Every employer has a legal duty to exercise due diligence in hiring, says attorney Lester Rosen. What If you don’t do background screening? According to a recent California survey, Rosen says, employers lose 60 percent of negligent hiring cases with verdicts averaging about $3 million, and average settlements around $500,000 plus attorney fees.
An employer can be sued for negligent hiring if it hires someone who it knew, or in the exercise of reasonable care should have known, was dangerous, unsafe, dishonest, or unfit for the particular job.
Courts tend to assume that if you could have known, you should have known, says Rosen. So how much checking should you do? The jury will tell you, Rosen says.
Rosen, who is CEO of Employment Screening Resources in Novato, California, made his remarks at the SHRM Employment Law and Legislative Conference, held recently in Washington, DC.
EEOC Implications of Criminal Records
The EEOC says that you cannot automatically disqualify an applicant based upon a criminal conviction without a business justification, taking into account the nature and gravity of the offense, nature of the job, and time elapsed, says Rosen.
Also, he says, be aware that some states and cities have “banned the box” to promote a second chance for convicted felons. (That is, they don’t permit a question about criminal records on application forms.) Their focus is getting people back to work, Rosen says. Yes, you too probably want to give people who have made mistakes a fair chance, but you also have to promote a safe workplace.
What about arrest records? Arrests are of limited use, Rosen says. You need to locate and evaluate underlying behaviors if possible.
It is critical, Rosen says, to specifically ask if the applicant has been convicted, or has pending charges (unless regulated by a “ban the box” rule). In addition:
- Use the broadest legal language about both felonies and misdemeanors. Don’t leave out misdemeanors, Rosen says. Misdemeanors sound like petty crimes, but some serious crimes are misdemeanors, for example, some forms of assault or stalking.
- Mention on the application form that a criminal conviction does not automatically eliminate a candidate from consideration.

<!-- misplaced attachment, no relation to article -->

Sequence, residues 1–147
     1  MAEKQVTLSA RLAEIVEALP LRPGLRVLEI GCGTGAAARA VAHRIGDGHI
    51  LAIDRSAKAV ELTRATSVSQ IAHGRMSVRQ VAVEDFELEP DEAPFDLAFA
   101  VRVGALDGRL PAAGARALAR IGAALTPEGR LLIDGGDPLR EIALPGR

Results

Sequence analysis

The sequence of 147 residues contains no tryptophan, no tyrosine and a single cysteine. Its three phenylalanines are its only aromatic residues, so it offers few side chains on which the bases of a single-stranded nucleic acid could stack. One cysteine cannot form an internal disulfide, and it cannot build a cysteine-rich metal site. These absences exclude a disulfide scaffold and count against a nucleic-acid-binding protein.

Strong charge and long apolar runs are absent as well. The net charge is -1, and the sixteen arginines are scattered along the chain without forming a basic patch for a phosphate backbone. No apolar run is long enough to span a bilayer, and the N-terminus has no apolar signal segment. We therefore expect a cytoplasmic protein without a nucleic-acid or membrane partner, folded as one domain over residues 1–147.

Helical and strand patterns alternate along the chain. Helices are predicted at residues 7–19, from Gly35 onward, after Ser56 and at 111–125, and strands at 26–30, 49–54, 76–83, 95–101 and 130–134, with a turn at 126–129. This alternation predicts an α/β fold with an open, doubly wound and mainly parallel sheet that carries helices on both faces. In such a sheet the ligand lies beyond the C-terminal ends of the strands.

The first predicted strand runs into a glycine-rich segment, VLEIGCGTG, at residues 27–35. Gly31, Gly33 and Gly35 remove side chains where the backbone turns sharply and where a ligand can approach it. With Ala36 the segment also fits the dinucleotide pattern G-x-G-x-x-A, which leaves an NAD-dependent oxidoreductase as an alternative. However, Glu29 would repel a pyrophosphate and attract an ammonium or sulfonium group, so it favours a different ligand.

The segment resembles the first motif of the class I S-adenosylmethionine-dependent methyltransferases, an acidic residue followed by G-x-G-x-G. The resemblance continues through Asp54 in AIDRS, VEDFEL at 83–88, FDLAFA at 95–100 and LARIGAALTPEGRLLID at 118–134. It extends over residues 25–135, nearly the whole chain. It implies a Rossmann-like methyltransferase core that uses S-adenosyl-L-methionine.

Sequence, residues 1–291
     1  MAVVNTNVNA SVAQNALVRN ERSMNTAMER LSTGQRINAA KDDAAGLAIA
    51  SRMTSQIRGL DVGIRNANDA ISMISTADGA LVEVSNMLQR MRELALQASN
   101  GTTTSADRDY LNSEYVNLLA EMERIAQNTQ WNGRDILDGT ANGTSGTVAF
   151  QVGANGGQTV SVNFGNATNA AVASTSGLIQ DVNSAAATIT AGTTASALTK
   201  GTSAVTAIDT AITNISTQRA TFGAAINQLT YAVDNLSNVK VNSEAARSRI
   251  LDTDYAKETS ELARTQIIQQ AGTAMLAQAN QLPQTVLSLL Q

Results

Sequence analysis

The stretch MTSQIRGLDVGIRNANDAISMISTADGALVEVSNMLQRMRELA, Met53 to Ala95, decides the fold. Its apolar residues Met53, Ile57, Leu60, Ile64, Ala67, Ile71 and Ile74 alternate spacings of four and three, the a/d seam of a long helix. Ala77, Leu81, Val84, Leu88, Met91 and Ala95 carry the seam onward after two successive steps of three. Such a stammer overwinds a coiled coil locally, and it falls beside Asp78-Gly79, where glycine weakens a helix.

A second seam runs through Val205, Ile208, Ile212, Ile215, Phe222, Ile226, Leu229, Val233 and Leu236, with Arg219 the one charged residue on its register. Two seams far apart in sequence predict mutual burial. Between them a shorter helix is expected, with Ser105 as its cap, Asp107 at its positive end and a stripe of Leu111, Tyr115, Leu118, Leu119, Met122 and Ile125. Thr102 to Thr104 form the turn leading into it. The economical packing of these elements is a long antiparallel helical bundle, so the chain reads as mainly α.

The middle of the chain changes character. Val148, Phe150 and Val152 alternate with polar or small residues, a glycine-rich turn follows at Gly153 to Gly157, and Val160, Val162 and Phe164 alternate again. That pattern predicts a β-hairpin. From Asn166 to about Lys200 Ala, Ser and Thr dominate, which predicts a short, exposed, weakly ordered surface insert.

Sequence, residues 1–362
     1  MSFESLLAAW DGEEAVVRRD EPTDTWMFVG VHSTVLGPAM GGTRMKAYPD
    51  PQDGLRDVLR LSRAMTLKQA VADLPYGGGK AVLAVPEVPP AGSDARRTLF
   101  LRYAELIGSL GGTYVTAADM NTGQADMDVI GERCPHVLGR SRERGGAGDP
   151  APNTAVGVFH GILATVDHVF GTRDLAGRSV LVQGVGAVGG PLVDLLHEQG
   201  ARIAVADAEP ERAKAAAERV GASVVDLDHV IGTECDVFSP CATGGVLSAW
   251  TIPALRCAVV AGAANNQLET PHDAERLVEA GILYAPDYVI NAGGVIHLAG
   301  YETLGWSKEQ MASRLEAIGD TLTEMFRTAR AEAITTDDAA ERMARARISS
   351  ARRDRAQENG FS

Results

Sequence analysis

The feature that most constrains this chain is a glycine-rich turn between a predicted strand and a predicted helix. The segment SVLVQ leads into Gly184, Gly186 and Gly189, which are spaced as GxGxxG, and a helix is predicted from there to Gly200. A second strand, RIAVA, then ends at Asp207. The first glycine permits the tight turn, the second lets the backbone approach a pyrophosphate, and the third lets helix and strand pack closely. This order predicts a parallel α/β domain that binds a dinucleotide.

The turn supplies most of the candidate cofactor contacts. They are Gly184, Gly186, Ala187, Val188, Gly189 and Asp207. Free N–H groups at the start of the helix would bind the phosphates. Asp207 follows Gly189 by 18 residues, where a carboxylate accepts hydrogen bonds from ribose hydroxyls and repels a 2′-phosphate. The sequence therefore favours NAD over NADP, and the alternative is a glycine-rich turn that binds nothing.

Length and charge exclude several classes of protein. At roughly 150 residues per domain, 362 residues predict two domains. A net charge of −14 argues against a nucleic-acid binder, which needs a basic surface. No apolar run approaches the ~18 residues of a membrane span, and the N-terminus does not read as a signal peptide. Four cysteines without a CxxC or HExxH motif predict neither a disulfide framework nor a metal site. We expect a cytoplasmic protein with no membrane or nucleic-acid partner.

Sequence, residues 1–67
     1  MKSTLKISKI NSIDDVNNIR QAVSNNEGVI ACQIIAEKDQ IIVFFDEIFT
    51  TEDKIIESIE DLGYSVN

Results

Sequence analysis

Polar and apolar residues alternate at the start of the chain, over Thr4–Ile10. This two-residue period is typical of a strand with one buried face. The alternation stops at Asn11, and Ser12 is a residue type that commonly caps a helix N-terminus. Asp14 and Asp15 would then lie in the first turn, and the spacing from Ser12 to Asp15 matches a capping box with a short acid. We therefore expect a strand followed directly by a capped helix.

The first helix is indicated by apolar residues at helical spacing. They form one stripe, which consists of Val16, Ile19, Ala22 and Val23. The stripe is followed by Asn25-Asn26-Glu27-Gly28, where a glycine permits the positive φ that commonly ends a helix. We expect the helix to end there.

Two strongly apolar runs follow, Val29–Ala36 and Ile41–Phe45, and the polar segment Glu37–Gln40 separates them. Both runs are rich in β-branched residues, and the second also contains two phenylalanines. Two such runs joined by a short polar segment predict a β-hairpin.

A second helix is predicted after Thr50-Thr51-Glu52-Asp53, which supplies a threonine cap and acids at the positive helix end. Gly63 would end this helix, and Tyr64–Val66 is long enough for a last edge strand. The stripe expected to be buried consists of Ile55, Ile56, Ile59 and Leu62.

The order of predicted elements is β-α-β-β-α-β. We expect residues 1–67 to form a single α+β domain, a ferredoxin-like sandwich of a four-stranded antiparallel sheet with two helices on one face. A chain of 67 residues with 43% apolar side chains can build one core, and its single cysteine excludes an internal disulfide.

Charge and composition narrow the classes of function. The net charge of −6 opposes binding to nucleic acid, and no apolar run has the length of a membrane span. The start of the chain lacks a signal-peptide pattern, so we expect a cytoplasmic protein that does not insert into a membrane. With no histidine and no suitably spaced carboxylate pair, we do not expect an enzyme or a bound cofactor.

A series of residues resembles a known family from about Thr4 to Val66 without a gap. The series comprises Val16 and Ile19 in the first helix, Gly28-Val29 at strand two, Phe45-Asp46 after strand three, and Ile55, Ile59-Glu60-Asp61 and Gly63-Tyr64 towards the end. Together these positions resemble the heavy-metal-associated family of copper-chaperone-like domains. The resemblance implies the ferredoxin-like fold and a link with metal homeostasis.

- Also state that any material lie or omission can constitute grounds to terminate hiring or employment.
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Past Employment Checks Are Critical
Past employment checks are as critical as criminal checks, Rosen says. Verify employment to determine where a person has been (even if you only get dates and job title), says Rosen. Otherwise you are hiring a stranger.
Look for unexplained gaps in past employment. Search out locations of former employers so you know where to search for criminal records. (Remember, Rosen says, there are over 10,000 courthouses in U.S.; you need to know where to search.)
If you can verify that a person was gainfully employed in the last 5-10 years, it is less likely that he or she spent long periods in custody, Rosen says.
Be aware, he adds, that about 40 states now provide some form of immunity for past employers giving good faith references. But even if you don’t succeed in getting reference information, just attempting to and documenting the effort demonstrates due diligence
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To indicate the kind of people you’ll be dealing with if you don’t do checks, Rosen told of the client who, when admitting his guilt for a murder, said, “but look at all the people I haven’t killed.”
In tomorrow’s Advisor, three of Rosen’s myths concerning background checks, and some great news—your job descriptions are written and ready.